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Unified Competition: I Learned It’s All About Skills, Fellowship and Understanding

Man standing and smiling with his hands clasped and a man looking over his shoulder.

The oath that Special Olympics athletes recite at competitions large and small is brief and sincere: “Let me win. But if I cannot win, let me be brave in the attempt.” But for three decades, while coaching, volunteering and cheering for my son, Jonathan, and his fellow athletes, I could relate to the first part more than the second.

Sports, after all, is all about winning, isn’t it? Why practice unless practice makes perfect? “Winning isn’t everything,” the saying goes, “it’s the only thing.” Bravery never really enters that equation.

So when Jonathan and I were randomly selected to join Team Virginia for the Special Olympics USA Games this spring, my focus turned to practicing, improving—and winning. We were to play alternate-shot golf, going up against athletes and “unified partners” (people without intellectual disabilities) like myself from other states and Caribbean nations. We would settle, I told myself, for nothing less than gold medals.

What I learned from spending a week in the blazing Florida heat with thousands of Special Olympics athletes was something very different. Winning isn’t the only thing; it’s not even the most important thing. What matters more, these special athletes showed me, are positive attitudes, selfless sportsmanship, and equal treatment for everyone, regardless of athletic ability—or disability.

Those qualities were needed from the start of this once-in-a-lifetime experience. Logistical nightmares abounded, including luggage delays and long lines for meals and buses. The much-anticipated opening ceremonies played out under a melting sun, made bearable not only by the fellowship on display but by hundreds of volunteers spraying mist, flinging cold hand towels and tossing water bottles to the athletes, coaches and officials.

Starting the next day, thousands of athletes spread out around the Orlando area for a week of soccer and softball, bocce and bowling, tennis and track, golf and gymnastics, paddle boarding and powerlifting, swimming and surfing, basketball, volleyball, flag football and more. While motivated by competition, what was most visible was camaraderie. While their sports talents were impressive, what set them apart was their sportsmanship. And the effort they exhibited was worthy of celebration, regardless of the end result.

A soccer team may have been getting slaughtered, but its players still focused on the fundamentals they were taught. The other team may have been far superior, but it didn’t run up the score. And when a player wound up on the ground, the first hand of assistance usually came from the other side.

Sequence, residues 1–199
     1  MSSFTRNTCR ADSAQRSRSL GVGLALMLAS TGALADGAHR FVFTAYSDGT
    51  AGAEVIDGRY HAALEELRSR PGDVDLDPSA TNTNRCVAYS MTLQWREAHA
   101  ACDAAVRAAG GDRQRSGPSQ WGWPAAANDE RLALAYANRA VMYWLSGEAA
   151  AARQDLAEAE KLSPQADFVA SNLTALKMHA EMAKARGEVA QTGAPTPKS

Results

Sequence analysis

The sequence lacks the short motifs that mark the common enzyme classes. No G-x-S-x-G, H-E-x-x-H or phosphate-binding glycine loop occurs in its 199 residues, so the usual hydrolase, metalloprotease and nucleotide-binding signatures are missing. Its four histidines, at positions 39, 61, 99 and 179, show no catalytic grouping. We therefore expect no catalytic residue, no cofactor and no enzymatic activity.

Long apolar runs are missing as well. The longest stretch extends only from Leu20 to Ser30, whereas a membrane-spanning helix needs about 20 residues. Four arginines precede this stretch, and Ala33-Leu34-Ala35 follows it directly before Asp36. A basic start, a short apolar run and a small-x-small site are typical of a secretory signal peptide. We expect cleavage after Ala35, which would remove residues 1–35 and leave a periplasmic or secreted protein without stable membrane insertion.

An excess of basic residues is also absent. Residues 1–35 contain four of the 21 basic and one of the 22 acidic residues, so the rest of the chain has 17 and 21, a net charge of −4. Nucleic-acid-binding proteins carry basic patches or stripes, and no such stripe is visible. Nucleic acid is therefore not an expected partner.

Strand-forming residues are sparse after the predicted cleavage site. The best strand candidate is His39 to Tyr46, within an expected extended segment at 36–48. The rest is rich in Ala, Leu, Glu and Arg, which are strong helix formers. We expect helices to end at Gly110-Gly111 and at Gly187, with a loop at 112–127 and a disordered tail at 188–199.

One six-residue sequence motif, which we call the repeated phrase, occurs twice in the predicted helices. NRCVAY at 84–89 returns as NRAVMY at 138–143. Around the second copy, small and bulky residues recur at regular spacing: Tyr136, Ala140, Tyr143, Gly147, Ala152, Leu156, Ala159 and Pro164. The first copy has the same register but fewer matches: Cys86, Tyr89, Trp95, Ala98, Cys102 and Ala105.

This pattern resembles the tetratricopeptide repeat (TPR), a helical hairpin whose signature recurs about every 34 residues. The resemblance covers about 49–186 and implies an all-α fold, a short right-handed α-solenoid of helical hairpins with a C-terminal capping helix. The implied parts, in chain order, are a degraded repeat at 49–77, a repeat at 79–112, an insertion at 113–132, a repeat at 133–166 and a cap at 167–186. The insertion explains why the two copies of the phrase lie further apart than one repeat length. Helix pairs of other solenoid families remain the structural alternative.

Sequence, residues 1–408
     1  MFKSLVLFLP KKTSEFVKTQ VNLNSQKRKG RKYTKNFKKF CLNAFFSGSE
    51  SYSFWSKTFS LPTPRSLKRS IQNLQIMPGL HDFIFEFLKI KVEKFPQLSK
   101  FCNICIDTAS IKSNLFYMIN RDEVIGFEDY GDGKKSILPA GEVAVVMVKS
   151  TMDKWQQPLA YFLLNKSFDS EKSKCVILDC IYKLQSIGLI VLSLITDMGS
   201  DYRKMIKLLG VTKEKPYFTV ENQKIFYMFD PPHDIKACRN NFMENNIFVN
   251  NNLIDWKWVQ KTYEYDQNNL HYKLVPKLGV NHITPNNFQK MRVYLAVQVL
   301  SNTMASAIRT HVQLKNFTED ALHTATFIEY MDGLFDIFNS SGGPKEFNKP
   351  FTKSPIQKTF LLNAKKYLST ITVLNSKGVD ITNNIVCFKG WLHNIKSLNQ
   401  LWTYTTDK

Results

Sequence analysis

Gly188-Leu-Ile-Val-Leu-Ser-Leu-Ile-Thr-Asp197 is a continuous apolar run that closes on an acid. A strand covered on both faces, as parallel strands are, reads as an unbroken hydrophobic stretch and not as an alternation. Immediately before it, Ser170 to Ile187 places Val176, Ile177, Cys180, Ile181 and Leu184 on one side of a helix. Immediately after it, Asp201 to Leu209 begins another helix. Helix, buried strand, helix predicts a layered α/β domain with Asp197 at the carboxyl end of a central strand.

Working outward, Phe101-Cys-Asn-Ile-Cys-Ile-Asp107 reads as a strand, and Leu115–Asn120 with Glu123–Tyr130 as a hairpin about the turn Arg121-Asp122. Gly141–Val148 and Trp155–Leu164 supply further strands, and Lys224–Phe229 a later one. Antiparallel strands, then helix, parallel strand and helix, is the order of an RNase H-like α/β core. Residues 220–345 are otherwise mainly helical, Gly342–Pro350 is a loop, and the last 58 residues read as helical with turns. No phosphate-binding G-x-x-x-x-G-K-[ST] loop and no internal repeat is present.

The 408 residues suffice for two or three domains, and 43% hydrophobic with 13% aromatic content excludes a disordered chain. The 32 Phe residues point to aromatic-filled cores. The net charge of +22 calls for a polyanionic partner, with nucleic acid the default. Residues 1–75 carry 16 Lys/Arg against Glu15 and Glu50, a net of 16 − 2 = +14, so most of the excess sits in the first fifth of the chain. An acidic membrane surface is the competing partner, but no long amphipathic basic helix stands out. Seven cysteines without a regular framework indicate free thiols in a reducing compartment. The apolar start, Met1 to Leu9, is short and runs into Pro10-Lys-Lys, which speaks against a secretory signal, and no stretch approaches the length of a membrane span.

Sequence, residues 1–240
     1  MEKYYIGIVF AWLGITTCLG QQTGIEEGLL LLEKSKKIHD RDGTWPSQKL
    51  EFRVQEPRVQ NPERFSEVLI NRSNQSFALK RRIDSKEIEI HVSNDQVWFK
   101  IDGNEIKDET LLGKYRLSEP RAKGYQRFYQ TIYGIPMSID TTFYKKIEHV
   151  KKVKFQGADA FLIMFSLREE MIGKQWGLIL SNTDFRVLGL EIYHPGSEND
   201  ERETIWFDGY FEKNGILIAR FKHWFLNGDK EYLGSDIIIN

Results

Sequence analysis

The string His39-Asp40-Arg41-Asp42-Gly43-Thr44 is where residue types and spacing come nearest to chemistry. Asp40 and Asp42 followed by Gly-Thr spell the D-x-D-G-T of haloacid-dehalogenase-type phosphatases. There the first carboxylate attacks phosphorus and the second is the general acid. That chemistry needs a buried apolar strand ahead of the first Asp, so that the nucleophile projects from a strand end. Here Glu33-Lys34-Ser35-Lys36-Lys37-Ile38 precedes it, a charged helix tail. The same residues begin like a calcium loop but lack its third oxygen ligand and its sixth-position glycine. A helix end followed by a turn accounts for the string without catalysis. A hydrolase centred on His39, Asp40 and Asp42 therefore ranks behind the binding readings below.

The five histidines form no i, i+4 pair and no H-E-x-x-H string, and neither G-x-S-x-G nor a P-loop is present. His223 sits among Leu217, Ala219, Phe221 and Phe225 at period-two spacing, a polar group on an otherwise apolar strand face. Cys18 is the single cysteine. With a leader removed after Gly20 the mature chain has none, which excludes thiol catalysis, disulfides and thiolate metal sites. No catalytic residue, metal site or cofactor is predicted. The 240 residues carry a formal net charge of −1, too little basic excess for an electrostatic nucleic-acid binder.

Later, when the athletes had free time together, fellowship was on full display. Gender, race, ethnicity and, of course, disability became almost invisible amid the smiles, hugs and laughter.

Not a moment was wasted on the controversies and calamities of the day. Here we were in Florida, cauldron of political controversy, where the state had threatened to fine Special Olympics $27.5 million unless it dropped its COVID vaccine mandate for participants. But the topic was rarely raised on the fields of play.

Even when COVID filtered into some state delegations, the virus was met with steady resolve rather than fear or sorrow. Athletes, coaches and officials who were infected simply quarantined or, in some instances, departed early.

There was a purity to the enjoyment of athletics on display on the courts and courses that is in short supply in the wider world of sports. It wasn’t about seven- and eight-figure salaries or commercial contracts. What motivated these athletes was simple pride. You could see it in their eyes, and you could hear it from the sound of clinking medals around their necks.

That is how I learned to be a good sport, rather than a gold medalist. I had come determined to win; after all, hadn’t we practiced enough for our golf game to improve? Alas, on the third day of competition, everything fell apart, and we hit one bad shot after another. At several points, I dropped my club in frustration—not a good look for a partner and role model.

In the end, Jonathan and I managed to win silver medals in 9-hole, alternate-shot golf, within a division of similarly skilled athletes and partners. The hardware was nice, but the real reward for me was in learning what the athletes already knew: how to be “brave in the attempt.”

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